Read the following answer the question:
While there is broad support for statutory rape laws in the United States, there is substantial debate on how vigorously such cases should be pursued and under what circumstances. In July, 2005, Matthew Koso of Falls City, Nebraska was charged with statutory rape for premarital sex with a 13-year-old whom he subsequently married. The decision to prosecute Koso—which was undertaken by the state’s Attorney General, overruling the decision of the local prosecutor—has been controversial, with public opinion tilting in favor of Koso.
Although legally married in Kansas, Matthew Koso, 23, was sentenced to prison in Nebraska for sexual assault of a minor.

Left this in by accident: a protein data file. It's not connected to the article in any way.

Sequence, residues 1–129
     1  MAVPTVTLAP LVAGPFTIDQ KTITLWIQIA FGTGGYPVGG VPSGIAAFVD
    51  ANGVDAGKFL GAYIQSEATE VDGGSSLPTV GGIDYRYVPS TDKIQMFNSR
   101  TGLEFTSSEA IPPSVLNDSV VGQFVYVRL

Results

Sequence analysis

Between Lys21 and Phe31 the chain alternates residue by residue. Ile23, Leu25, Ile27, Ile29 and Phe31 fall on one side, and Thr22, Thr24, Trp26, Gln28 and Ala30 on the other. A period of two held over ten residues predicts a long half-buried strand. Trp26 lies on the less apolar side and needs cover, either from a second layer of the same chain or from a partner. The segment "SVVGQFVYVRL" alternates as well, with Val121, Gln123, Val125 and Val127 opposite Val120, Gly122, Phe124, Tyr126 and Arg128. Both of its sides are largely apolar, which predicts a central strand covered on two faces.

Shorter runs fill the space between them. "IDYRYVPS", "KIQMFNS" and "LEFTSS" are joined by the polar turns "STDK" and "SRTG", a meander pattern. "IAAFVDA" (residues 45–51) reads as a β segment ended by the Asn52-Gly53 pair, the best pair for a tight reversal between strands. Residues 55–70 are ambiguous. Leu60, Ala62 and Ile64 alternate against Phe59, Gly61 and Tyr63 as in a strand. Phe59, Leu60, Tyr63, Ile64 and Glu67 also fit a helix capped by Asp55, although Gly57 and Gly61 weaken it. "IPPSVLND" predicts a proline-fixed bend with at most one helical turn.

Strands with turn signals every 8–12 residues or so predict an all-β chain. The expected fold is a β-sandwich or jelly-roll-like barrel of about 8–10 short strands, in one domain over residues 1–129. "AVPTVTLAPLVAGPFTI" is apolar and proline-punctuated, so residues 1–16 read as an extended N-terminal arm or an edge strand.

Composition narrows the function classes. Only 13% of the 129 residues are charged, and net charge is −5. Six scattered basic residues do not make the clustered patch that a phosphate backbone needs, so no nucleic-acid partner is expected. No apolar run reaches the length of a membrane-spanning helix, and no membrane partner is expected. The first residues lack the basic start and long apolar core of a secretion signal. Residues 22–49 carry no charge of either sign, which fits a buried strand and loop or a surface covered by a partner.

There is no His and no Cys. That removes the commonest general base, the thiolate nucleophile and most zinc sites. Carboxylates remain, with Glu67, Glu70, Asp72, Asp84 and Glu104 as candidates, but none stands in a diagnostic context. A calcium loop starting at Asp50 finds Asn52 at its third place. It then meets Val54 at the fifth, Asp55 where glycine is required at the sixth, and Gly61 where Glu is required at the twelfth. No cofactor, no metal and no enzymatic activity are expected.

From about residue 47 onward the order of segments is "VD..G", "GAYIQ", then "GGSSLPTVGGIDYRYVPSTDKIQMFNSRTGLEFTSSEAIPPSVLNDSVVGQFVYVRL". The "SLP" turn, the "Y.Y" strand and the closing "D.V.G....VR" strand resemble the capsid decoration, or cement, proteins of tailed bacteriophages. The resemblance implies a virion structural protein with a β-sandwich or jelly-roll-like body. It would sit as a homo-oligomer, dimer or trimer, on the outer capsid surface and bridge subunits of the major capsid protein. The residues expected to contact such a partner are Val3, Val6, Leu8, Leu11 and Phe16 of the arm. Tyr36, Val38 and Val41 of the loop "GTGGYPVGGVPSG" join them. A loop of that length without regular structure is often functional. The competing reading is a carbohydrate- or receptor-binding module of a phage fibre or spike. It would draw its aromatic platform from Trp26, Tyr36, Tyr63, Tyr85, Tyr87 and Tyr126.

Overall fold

A friend of the girl’s half brother, Matthew began the relationship with the young girl when she was 12 years old. She became pregnant when she was 13, then married Matthew in Kansas in May, 2005, when she was 14 years old.
Although the marriage is valid, Nebraska law “prohibits people 19 or older from having sex with those under 16.”
Nebraska Attorney General Jon Bruning said, “I’m not going to stand by while a grown man…has a relationship with a 13-year-old – now 14-year old – girl.”
The girl gave birth to a daughter in August, 2005. Koso was sentenced to 18 to 30 months in prison with no option for probation.
Question: Do you agree or disagree with the ruling? Why or why not?
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